Hales Corners - State highway officials have three options for widening Highway 100, and the community it cuts through doesn't like any of them because they all chew through businesses and, therefore, the tax base.
But, this time, the community voicing loud and familiar concerns isn't Hales Corners. It's West Allis.
Last week, the West Allis Common Council voted strongly protest all three options under consideration by the Wisconsin Department of Transportation, sending a message not only to department officials but the city's state representatives and the governor, as well.
In protesting early on, West Allis joins its neighbor to the south, Hales Corners, which previously objected to loss of businesses that would result from of a planned widening of Highway 100 (aka 108th Street) within its borders. In response, the DOT has developed a concept that would take fewer buildings. Village and state officials are still negotiating.
While the DOT is already widening Highway 100 in Wauwatosa to eight lanes, it probably won't get around to West Allis until 2019, said Peter Daniels, West Allis principal engineer.
Considering the options
The least invasive option is to keep the six lanes through West Allis, with a five-foot bike lane added on each side. But even that would probably mean a loss of 17 buildings, $10 million in tax base and $200,000 in tax revenue for the city, Daniels said.
Another option, called the transit option, would widen the road to eight lanes, reserving the two new lanes for bicycles, buses and turning vehicles. That would likely result in 26 lost businesses, Daniels said.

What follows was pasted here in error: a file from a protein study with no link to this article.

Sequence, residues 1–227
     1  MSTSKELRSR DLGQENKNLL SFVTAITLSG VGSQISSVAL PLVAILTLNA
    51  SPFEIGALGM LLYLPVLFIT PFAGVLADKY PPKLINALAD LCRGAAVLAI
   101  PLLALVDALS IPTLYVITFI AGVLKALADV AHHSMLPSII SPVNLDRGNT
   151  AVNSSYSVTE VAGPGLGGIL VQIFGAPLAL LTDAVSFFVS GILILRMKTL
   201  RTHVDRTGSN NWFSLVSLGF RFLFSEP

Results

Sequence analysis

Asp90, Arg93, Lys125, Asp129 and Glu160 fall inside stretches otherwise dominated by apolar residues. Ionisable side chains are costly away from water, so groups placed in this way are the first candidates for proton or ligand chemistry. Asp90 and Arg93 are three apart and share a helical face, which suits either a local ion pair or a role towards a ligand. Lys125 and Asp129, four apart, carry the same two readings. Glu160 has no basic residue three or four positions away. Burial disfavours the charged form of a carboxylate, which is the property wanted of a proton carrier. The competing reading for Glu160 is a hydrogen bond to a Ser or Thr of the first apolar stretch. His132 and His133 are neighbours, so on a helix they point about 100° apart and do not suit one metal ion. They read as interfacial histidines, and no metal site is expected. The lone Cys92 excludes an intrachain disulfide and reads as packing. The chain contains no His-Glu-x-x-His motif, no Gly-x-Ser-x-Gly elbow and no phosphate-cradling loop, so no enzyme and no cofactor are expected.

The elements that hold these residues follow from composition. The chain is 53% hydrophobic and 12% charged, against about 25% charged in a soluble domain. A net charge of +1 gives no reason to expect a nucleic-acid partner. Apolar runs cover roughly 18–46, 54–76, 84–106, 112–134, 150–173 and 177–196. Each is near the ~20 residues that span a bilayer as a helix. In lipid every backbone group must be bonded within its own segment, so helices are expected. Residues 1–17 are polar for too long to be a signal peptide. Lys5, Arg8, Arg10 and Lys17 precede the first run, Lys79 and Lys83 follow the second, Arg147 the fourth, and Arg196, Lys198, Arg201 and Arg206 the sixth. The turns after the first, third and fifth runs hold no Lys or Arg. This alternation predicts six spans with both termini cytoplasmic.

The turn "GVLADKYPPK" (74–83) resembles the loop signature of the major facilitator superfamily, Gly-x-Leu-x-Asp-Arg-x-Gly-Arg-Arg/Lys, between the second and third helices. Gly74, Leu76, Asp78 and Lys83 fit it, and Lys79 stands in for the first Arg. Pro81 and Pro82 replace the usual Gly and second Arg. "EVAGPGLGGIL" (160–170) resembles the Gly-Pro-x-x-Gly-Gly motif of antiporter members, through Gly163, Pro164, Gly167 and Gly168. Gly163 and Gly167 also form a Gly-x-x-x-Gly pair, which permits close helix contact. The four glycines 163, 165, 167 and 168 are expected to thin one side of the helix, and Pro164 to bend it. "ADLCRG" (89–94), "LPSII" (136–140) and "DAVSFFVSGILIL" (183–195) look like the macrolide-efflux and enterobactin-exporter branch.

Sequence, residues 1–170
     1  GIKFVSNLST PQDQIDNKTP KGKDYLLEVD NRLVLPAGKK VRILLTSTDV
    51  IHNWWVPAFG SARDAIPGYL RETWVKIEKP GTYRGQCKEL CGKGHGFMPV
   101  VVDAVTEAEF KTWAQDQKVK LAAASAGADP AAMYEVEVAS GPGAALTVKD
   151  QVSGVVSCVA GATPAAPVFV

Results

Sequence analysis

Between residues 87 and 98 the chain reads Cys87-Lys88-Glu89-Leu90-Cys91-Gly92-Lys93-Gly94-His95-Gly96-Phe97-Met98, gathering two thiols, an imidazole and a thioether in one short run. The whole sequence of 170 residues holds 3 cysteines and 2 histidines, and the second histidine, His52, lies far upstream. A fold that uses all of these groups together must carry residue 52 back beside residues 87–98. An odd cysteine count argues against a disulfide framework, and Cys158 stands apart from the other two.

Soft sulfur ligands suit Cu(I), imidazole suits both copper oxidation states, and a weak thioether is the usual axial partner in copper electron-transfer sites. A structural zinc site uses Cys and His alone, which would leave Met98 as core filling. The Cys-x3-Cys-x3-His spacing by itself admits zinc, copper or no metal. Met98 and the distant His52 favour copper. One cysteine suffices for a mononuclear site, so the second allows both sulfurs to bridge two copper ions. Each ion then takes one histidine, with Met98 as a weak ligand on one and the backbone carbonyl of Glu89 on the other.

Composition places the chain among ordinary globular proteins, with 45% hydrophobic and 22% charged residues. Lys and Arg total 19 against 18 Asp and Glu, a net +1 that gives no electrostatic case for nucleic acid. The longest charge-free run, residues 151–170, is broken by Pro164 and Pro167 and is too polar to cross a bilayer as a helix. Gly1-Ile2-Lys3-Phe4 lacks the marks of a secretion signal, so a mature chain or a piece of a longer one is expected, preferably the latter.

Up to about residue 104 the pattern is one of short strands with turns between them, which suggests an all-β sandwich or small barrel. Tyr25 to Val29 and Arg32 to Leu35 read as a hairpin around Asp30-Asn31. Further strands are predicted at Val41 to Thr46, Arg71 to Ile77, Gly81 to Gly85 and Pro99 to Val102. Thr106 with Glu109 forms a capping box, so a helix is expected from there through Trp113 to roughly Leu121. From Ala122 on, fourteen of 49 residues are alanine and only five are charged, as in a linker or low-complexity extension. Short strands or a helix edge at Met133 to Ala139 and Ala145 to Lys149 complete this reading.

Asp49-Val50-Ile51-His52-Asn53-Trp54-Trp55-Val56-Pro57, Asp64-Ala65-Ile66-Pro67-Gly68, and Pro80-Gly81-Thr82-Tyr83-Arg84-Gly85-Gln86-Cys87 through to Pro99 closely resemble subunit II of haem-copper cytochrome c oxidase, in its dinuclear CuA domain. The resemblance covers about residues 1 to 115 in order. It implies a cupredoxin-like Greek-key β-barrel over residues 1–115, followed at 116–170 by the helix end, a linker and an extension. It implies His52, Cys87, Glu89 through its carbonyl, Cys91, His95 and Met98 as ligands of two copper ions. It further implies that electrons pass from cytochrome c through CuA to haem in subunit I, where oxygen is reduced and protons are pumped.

'Both projects are totally ridiculous,' said Alderman Gary Barczak.
The third option, an 'unconventional option' that Daniels said is very unlikely, also would be eight lanes but would add turn lanes. It would mow down roughly 40 businesses, he said.
Despite the city's strong opposition, state officials have their own strong feelings about getting at least bike lanes along the road, Daniels said.
'I think we're going to have a real fight,' he said.
An idea for I-894
What West Allis officials want instead is for the state to widen the six-lane Interstate 894 to eight lanes, leaving Highway 100 unscathed.
'It makes no sense to widen highway 100 to eight lanes and the freeway is six,' Daniels said.
In fact, an eight-lane I-894 and a six-lane highway 100 are in the long-range plan of the Southeastern Wisconsin Regional Planning Commission, Daniels said. That concept is something the state, county and municipalities all agreed to, Daniels said.
Indeed, the state's original plan was to widen the freeway to eight lanes. But then it ran into money woes and opposition from mass transit advocates and others. So, the current plan is to leave it at six lanes.
Zoo interchange connection
Oddly enough, the Zoo Interchange renovation also could affect Highway 100 widening plans.
Zoo interchange plans call for not replacing an east-west Interstate 94 bridge over Underwood Creek Parkway.
That would slam the door on a potential north-south overflow road for Highway 100 that could get traffic from Greenfield Avenue to Bluemound Road. Although West Allis officials are divided on creating such a road because it would cut through residential areas, they would like to keep the option open.
A road already goes north from Greenfield Avenue at about 120th Street but stops well short of Bluemound. An overflow road that would be years in the future would probably not be on 120th Street, but would likely follow the bike trail north under I-94 to connect with Bluemound, Daniels said.
The city's protest also requests that the bridge be retained.